Mother and her autistic son call on Department of Health to apologise after compiling a secret dossier on them
“Unlawful things happened” Deputy Data Protection Commissioner
RTÉ Investigates report following Whistleblower Disclosure
A mother and her autistic son who discovered that the Department of Health had been keeping a secret dossier on them have told RTÉ Investigates they have never had an apology despite the Data Protection Commissioner (DPC) ruling this summer that it amounted to serious interference, and which resulted in the DPC imposing a fine on the Department of Health. Speaking publicly for the first time in an RTÉ Investigates report to be broadcast on Prime Time tonight at 9.35pm on RTÉ One and RTÉ Player, the family describe how the revelations have impacted on them.
When Adam Keogh was just 5 years old, his family had been among several families who took legal action against the State to secure special needs education for their children. Their case was not for compensation but to secure special needs supports in primary school. Adam got some supports and the case lay dormant. But 12 years later the Department of Health continued to work on its legal strategy to manage the cases taken by the families. Without telling the families or getting their consent, the Department of Health went to the HSE and asked for what it had on file on the dormant cases, including medical notes.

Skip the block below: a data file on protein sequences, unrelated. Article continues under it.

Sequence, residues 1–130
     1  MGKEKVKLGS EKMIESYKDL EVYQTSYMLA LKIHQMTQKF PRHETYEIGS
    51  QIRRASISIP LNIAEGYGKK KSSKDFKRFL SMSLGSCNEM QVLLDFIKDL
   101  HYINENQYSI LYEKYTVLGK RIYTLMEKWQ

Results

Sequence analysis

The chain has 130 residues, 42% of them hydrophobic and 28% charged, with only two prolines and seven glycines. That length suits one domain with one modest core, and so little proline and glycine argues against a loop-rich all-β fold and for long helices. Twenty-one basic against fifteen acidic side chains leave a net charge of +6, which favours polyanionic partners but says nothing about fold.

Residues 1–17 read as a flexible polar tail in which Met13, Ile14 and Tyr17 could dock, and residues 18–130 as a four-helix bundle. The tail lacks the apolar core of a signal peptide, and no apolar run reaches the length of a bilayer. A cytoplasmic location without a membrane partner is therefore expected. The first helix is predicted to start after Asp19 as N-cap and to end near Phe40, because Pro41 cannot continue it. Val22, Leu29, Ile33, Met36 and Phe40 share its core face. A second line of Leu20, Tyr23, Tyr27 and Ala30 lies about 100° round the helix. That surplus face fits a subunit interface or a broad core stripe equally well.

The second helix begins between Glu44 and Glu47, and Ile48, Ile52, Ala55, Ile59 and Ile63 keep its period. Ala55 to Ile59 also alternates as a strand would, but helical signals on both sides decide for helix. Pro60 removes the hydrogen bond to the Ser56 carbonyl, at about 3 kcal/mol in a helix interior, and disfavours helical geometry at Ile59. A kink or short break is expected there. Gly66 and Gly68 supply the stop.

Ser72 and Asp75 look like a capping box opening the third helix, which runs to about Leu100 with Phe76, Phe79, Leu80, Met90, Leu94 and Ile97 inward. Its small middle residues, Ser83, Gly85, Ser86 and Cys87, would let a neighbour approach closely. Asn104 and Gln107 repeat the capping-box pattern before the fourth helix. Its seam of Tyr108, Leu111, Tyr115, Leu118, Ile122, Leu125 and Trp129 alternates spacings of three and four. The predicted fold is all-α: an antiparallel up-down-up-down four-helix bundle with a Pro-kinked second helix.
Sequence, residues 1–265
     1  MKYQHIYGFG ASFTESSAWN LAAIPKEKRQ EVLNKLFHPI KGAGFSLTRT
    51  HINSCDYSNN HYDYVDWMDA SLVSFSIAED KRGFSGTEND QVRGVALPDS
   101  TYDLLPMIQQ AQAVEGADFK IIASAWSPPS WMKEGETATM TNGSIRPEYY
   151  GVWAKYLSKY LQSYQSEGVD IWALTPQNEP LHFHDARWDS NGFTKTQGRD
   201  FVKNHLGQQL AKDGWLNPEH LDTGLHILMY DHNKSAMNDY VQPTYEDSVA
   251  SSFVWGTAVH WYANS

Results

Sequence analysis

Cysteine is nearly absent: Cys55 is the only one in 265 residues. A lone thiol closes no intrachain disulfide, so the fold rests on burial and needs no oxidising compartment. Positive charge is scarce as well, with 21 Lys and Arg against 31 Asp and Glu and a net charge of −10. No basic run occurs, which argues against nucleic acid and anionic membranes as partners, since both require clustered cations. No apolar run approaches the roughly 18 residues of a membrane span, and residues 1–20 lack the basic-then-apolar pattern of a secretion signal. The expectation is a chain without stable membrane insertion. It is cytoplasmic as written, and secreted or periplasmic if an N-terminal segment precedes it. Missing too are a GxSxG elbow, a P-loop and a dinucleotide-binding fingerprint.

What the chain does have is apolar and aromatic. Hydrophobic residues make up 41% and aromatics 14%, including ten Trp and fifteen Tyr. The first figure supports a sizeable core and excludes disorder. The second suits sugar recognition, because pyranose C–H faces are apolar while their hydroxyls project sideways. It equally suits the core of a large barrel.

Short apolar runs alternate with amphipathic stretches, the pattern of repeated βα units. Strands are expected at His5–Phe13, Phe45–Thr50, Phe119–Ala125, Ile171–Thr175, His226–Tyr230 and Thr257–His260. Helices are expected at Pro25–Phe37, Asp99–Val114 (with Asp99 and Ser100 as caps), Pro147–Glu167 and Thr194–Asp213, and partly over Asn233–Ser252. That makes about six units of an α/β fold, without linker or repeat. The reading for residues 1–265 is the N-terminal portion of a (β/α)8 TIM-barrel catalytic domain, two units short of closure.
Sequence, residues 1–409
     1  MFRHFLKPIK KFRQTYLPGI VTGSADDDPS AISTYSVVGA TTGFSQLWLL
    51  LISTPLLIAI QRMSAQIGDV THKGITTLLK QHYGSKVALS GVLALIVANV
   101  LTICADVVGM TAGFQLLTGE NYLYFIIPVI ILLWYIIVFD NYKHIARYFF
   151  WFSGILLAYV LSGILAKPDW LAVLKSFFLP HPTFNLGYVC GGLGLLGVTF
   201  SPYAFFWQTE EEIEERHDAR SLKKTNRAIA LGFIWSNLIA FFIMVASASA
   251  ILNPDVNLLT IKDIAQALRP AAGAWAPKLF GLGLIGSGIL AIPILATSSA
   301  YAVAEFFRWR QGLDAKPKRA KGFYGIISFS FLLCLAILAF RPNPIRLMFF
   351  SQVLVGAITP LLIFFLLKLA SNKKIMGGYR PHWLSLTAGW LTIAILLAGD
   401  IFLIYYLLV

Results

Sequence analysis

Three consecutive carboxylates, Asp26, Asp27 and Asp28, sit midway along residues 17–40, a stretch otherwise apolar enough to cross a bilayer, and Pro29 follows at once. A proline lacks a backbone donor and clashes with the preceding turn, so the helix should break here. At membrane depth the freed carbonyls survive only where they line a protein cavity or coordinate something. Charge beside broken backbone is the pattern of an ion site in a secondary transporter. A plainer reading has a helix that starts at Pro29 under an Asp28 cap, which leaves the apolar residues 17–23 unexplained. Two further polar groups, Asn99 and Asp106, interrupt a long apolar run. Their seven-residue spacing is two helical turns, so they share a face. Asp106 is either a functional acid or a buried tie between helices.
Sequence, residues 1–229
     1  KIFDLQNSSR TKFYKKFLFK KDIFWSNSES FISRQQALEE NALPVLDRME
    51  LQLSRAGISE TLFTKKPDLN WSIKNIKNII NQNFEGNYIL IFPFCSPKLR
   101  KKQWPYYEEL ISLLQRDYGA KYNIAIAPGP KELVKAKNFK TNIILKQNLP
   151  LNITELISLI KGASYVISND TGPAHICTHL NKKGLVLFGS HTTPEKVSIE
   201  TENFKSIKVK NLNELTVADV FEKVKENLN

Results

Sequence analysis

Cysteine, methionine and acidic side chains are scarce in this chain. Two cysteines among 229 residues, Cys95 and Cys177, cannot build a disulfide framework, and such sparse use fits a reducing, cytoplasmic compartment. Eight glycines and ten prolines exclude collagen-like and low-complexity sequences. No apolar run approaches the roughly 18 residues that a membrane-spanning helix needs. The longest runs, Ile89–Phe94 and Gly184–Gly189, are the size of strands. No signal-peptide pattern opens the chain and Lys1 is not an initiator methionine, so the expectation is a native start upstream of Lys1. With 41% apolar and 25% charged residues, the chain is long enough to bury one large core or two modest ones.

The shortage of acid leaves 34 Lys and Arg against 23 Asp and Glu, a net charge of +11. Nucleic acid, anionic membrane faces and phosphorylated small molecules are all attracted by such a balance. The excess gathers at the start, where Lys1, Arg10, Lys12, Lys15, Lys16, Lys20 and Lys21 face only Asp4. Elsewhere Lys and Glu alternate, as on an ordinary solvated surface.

The sharing of their private patient information would have remained secret had it not been for a whistleblower in the Department of Health. In 2020, Shane Corr a senior civil servant, realised he could see the families’ files. Of greater concern to him was the fact that he could read everything that transpired in a private consultation between members of the Keogh family and their HSE doctor.
Shane Corr: “I saw something that frankly I can only describe as shocking. I saw an email from an official at the Department of Health to a doctor who is working for the HSE explaining that they were involved in litigation with one of her patients and asking for information from this doctor. There was no way once I saw the piece of correspondence from the Department saying, ‘we’re asking for information from you about a child but we’re not going to ask for consent to get it’, I was ever going to let that lie.”
The Department of Health had obtained documents which contained confidential and sensitive details from a consultation between the Keogh Family and their HSE doctor without the family’s knowledge or permission. Senior civil servant Shane Corr tried to raise his concerns. Then, in March 2021, he became a whistleblower and revealed to RTÉ Investigates that highly confidential information on the wellbeing of people and their families was shared, and stored, in departmental dossiers. The information was to be used tactically to decide the most opportune time to settle or reactivate long-dormant High Court cases. The people involved, who had been diagnosed with autism, had not been informed. Neither had their parents.
Following Shane Corr’s disclosures and the RTÉ broadcast, the Department of Health said what had been done was part of normal litigation and was “entirely lawful, proper and appropriate.”
In an Oireachtas Health Committee on May 5, 2021, Sinn Féin TD David Cullinane raised the issue: “Some information of a very serious and sensitive medical and educational nature was being held on children, and that was being collected, in some instances without, in my view, the knowledge of the parents involved.”